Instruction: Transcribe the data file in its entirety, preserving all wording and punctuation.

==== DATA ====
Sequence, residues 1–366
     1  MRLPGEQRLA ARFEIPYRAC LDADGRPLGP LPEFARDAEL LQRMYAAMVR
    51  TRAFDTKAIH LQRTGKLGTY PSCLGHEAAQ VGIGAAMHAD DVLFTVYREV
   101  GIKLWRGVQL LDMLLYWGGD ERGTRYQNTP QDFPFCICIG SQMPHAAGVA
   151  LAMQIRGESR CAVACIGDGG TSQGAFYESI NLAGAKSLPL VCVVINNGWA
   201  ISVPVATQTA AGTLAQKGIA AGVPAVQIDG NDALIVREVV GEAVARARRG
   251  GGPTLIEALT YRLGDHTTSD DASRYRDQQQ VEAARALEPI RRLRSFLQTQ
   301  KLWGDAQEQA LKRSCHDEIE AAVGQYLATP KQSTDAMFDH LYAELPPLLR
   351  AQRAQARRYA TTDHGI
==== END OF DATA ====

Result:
Sequence, residues 1–366
     1  MRLPGEQRLA ARFEIPYRAC LDADGRPLGP LPEFARDAEL LQRMYAAMVR
    51  TRAFDTKAIH LQRTGKLGTY PSCLGHEAAQ VGIGAAMHAD DVLFTVYREV
   101  GIKLWRGVQL LDMLLYWGGD ERGTRYQNTP QDFPFCICIG SQMPHAAGVA
   151  LAMQIRGESR CAVACIGDGG TSQGAFYESI NLAGAKSLPL VCVVINNGWA
   201  ISVPVATQTA AGTLAQKGIA AGVPAVQIDG NDALIVREVV GEAVARARRG
   251  GGPTLIEALT YRLGDHTTSD DASRYRDQQQ VEAARALEPI RRLRSFLQTQ
   301  KLWGDAQEQA LKRSCHDEIE AAVGQYLATP KQSTDAMFDH LYAELPPLLR
   351  AQRAQARRYA TTDHGI